Expropriated Indigenous land is the foundation of the land-grant university system.
Nearly 11 million acres of Indigenous land, over 160 violence-backed treaties and land seizures, approximately 250 tribes, bands and communities, and fifty-two universities: Our investigation reveals how expropriated Indigenous land financed the land-grant university system, and how many institutions continue to profit.
By Robert Lee and Tristan Ahtone
Photos by Kalen Goodluck
High Country News, March 30, 2020
2020 George Polk Award for Education Reporting,
2020 Investigative Reporters and Editors Award (IRE Award) in Division IV of the Print/Online Media category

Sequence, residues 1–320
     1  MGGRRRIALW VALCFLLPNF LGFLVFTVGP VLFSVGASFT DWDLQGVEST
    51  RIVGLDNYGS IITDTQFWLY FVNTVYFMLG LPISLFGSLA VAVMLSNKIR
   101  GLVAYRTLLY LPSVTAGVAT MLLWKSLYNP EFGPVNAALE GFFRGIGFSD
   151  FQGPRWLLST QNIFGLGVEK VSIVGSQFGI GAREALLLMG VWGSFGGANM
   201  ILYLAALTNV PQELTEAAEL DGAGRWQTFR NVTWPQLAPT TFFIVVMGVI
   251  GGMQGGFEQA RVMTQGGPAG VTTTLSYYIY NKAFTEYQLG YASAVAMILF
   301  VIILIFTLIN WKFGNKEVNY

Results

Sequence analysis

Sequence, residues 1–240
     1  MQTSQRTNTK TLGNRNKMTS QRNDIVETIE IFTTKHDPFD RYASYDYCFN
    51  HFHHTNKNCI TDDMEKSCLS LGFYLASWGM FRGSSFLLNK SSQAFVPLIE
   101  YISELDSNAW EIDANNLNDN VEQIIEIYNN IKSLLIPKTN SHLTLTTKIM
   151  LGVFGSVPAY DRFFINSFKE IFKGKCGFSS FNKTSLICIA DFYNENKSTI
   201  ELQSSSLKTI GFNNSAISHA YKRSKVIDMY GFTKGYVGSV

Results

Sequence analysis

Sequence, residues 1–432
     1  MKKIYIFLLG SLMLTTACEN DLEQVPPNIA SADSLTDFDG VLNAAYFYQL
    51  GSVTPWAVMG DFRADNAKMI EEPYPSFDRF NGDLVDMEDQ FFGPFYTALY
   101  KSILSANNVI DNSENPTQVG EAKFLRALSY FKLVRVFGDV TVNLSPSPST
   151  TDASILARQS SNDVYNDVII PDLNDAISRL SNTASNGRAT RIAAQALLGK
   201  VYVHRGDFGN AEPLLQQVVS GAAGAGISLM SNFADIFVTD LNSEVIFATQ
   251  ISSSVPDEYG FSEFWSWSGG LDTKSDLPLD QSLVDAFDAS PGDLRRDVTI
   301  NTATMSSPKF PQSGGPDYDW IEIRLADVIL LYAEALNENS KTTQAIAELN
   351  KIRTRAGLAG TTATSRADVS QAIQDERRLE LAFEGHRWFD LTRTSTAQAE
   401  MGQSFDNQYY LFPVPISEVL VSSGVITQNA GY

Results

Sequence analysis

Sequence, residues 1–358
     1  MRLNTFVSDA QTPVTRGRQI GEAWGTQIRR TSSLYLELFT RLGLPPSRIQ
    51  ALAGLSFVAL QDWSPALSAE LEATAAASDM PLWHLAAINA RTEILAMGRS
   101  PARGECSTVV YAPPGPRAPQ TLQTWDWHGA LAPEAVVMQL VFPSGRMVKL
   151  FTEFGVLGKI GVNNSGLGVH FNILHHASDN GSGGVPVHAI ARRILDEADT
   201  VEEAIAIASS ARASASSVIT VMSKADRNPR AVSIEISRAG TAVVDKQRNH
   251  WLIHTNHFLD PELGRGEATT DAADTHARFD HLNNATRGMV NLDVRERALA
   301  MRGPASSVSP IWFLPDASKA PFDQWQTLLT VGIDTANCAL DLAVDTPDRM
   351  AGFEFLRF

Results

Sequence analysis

Impact: Within months of publication several major initiatives took shape in response to our reporting. At Cornell, the largest Morrill Act beneficiary, faculty launched a project to document the university’s financial windfall. Similar internal reviews are ramping up at MIT and the University of Connecticut, which is developing an exhibition based on the data as part of a push for a new Cultural Center for Native & Indigenous Students. At Ohio State researchers have partnered with the First Nations Development Institute to draft a reconciliation plan that will benefit the tribal communities whose land seeded the school’s founding. Washington State University has taken the lead in actually rewriting its land acknowledgment to incorporate the report’s findings, and pledged to commission a team to determine reconciliation plans. Working groups at Colorado State, Arizona State, the University of Minnesota, and others are likewise laying the groundwork for reforms tying their land-grant legacies to the needs of their Indigenous students.